The Adamu Fika-led Presidential Committee on the Reform Processes in the Public Service has called on the Federal Government to abrogate the tenure policy in the civil service, especially those guiding the appointments of permanent secretaries and directors-general.
Fika, who is the chairman of the committee, disclosed this yesterday in Abuja, at the presentation of the final report on the reform processes in the public service to the Secretary to the Government of the Federation (SGF), Senator Anyim Pius Anyim.
He said on a positive side, the tenure policy had succeeded in freeing positions, especially officers who would have otherwise been stagnated but have been promoted.
He, however, said the tenure policy introduced in 2009 was put in place without any impact assessment study carried out; adding that the tenure policy for permanent secretaries and directors had violated the rights provided in the civil service rule.
He added that the policy had depleted skills within the service and as well deprived it of those affected to serve in accordance with the current terms of engagement.
He said: "The tenure policy has deprived the service of some of the most competent and experienced hands, it also has a destabilising and turnover effect of the senior officers in the service.
"But removing top officers simply gives room for junior and less experienced officers who would at the end not be interested in the service. And as a general rule, every organisation should cherish and treasure competence and take all necessary steps to retain all its experienced officers."
Fika noted that civil servants were not entirely blameless in the massive corruption bedeviling the civil service in the country, stressing that they have embraced the culture of corruption.
"They made it possible for, aided and abetted corruption and then joined the political class in corruption and disruption of public good.
"Today, they have literally abandoned the best tradition of the service and its core value and sacrificed the ethos of the public service at the altar of self-interest; and the only thing they seem to care about is lining their own pockets.
"We fully support the principle that all public service questions including appointment, promotions, transfers, postings, dismissal, and other disciplinary matters should be kept completely free and independent of political control. We hope that the traditional promotion, according t qualification, experience, and merit regard to race will be maintained," he added.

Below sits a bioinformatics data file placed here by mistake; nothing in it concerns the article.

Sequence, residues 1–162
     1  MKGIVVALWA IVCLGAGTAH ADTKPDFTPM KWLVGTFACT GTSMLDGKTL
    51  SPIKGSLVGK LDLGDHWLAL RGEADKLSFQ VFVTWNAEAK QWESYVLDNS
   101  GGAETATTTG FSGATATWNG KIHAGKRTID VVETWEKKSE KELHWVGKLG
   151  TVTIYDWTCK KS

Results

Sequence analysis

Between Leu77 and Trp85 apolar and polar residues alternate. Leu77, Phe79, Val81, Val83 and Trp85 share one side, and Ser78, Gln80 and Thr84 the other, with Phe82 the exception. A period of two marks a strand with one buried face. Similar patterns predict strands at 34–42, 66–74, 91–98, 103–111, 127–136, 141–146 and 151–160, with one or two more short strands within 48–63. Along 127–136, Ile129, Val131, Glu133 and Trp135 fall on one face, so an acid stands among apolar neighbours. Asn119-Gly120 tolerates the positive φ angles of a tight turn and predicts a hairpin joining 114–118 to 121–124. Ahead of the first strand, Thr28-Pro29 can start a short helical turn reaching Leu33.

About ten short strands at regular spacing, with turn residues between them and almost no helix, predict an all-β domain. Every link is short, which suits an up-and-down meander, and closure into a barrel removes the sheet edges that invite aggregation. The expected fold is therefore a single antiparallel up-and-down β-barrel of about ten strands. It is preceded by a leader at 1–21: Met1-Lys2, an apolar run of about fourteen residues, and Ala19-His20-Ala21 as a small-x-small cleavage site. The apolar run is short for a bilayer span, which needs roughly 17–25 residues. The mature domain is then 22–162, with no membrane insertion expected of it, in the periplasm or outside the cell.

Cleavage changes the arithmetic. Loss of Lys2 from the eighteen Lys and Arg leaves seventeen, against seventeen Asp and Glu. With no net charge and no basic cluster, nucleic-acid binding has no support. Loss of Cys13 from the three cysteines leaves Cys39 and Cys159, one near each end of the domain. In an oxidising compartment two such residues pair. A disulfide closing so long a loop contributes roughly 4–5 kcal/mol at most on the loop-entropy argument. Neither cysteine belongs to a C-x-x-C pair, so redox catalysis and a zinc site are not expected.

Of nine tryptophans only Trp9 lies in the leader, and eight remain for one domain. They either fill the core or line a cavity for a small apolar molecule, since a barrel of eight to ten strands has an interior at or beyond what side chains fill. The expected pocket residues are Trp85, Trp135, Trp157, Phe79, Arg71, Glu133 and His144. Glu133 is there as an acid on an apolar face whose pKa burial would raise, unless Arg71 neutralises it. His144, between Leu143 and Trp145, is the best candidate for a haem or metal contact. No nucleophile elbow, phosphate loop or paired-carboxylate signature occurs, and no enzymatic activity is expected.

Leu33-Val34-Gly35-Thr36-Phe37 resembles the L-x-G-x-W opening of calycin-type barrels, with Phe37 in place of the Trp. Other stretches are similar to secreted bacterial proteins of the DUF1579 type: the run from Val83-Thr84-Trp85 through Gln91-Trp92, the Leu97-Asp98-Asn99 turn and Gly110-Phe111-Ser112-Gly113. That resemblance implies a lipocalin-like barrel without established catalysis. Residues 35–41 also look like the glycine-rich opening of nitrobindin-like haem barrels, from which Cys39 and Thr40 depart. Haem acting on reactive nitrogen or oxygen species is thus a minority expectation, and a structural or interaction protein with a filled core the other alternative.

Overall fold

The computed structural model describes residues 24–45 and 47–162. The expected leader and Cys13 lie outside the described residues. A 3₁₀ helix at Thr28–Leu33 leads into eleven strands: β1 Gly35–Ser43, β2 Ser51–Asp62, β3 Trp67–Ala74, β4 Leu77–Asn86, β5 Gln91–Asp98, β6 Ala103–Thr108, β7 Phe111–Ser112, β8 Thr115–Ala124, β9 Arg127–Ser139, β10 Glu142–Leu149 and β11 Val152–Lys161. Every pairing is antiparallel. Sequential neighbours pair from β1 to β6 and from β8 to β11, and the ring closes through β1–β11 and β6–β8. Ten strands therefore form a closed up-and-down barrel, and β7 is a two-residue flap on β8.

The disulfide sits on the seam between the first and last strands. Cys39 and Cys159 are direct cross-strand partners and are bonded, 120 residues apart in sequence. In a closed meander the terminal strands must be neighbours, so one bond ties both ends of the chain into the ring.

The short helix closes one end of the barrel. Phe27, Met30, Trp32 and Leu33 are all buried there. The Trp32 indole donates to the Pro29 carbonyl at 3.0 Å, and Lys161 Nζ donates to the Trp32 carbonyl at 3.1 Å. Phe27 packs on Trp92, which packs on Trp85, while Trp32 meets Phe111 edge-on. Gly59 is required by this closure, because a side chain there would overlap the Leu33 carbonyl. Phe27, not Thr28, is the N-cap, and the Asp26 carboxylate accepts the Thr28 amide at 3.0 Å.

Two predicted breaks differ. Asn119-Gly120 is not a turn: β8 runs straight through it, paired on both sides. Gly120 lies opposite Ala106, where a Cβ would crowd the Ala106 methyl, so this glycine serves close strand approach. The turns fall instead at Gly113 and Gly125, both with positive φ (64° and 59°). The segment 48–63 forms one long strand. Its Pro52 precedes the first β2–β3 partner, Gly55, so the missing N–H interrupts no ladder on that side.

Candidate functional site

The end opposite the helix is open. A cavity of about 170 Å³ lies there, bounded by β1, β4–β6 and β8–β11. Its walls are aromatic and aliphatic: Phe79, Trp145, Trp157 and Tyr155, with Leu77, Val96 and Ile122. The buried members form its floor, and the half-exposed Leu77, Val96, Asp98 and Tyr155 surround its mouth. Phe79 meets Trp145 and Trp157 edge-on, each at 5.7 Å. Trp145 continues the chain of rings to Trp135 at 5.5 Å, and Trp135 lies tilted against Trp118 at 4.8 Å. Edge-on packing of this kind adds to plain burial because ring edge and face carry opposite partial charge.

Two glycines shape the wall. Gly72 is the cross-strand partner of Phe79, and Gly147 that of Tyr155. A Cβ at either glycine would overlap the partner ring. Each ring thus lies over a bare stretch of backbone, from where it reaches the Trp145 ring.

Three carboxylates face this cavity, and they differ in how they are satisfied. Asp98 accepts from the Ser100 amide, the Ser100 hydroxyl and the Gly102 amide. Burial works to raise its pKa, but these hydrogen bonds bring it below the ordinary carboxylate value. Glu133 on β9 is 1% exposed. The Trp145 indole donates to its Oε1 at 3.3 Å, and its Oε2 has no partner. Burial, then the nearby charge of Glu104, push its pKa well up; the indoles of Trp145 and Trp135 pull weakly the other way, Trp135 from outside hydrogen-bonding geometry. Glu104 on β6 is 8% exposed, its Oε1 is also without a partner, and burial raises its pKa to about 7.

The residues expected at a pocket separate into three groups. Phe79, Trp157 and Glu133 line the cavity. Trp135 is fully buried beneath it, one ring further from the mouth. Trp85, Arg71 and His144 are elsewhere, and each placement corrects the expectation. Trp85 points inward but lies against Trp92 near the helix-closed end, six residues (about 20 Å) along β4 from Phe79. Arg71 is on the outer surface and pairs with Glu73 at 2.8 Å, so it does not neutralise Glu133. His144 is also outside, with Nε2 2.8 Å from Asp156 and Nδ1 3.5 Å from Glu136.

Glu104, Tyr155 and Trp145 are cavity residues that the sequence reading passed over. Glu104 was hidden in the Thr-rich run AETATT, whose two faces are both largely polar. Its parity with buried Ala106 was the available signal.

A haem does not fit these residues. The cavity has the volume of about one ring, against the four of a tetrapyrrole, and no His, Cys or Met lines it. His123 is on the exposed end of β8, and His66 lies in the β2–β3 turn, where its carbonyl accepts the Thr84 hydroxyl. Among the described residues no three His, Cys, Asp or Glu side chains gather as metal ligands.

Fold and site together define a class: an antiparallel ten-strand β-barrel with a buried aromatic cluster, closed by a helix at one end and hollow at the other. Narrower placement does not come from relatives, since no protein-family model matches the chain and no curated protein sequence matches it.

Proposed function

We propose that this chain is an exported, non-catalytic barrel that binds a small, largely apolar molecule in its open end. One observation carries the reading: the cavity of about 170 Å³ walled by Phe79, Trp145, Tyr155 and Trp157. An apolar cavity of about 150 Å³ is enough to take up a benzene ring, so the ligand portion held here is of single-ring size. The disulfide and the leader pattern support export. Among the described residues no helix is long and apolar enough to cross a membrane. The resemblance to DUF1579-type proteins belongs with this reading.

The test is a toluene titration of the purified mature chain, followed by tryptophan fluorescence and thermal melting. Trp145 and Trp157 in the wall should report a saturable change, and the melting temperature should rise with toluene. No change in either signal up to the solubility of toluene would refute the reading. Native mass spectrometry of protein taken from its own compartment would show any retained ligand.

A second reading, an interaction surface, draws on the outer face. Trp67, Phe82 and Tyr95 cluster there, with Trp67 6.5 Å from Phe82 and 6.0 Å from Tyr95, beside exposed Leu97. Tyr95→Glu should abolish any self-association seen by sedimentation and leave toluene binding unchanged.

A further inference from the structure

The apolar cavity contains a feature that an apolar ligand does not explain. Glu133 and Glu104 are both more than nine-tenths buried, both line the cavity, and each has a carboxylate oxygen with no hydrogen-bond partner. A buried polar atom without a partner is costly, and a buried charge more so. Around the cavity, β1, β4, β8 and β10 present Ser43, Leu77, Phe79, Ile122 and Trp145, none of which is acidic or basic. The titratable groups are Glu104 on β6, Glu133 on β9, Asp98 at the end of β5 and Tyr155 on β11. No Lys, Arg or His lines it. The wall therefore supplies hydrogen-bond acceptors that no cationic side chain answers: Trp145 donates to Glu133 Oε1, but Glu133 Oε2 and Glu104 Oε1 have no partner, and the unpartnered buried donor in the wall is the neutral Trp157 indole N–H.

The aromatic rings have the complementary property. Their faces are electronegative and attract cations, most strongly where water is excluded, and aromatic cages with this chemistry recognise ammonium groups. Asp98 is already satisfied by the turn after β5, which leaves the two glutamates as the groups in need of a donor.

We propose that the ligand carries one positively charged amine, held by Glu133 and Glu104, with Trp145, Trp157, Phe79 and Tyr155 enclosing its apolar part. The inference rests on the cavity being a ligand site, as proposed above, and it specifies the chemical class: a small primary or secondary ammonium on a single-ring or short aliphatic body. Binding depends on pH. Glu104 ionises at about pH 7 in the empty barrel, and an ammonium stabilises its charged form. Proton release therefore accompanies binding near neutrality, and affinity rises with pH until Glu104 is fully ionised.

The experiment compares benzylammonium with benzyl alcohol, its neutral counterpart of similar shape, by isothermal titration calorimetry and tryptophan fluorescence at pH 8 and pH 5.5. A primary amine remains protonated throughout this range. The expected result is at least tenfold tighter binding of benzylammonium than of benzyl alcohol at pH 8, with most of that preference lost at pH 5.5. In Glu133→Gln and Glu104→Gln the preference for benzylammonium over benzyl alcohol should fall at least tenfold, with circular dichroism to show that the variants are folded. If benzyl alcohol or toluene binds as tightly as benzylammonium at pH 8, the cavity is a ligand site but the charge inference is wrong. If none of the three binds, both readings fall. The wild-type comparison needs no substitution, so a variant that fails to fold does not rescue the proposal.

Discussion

"We, therefore, recommend that Mr. President should convene a conference on the restoration of the merit-based system to be attended by him, the Vice-President, Senate President, Speaker of the House of Representatives and the national leaders and chairmen of all political parties represented in the National Assembly or the state assemblies to commit themselves and their parties to the ideal of the merit-based public service," he said.
In their final report, the committee also recommended that the Federal Government should treat its employees with a sense of justice and equality, adding that the numerous consolidated salary groupings in the public service should be collapsed into one.
The committee noted that some government departments and agencies pay their staff some periodic sums over and above their statutory pay scales, and cited the case of Federal Inland Revenue Service (FIRS) and other revenue collecting organs, where huge ex-gratia payments were made to their members of staff.
The report posited that the review package of allowances of public office holders, fixed by the Revenue Mobilisation Allocation and Fiscal Commission (RMAFC) with effect from 2007 which allowed salaries and allowances to rise from N1126.7 billion to N1.1126 trillion was not acceptable.
The report read: "Out of this, salaries took a mere N94.56 billion, while allowances gulped the whole of N1031.65 billion, which represented 91.56 per cent, which is a worrisome trend as there was a need to take a hard look at the glaring anomaly where allowances were more than 10 times greater than salaries.
"It is certainly not morally defensible from the perspective of social justice or any known moral criteria that such huge sum of public funds is consumed by an infinitesimal fraction of the people which is less than 0.013 per cent of the total population.
"No work group enjoys such paramouncy over others or has such omnipotence in skills as to enable it minister to the needs of every segment of the society and so deserve such grossly discriminatory and permanent special treatment, manifested in a salary structure well above all others," he said.
"Indeed, such payments constitute willful and pre-mediated misappropriation of funds, which amount to unauthorised charges on the public cures".
The committee was of the view that the politicisation of the public service as the significant cause of most of the problems which have bedeviled the service, saying that the most disastrous effect was the virtual replacement of the merit-based system of the public service bestowed on us by the founding fathers with the discredited patronage.
It said that, in appointment, promotion and discipline as well as in the day to day functions of the public service, political considerations now seem to be the dominant factors, adding that the political intrusion is taking several forms.
Responding, Anyim commended the committee on the thorough work they did on the mandate giving to them in repositioning the public service.
He assured them that he would submit the report to the president.
He, however, stated that the resignation of the vice-chairman of the committee, Mrs. Fransica Emmanuel, based on personal reasons won't affect the credibility of the report.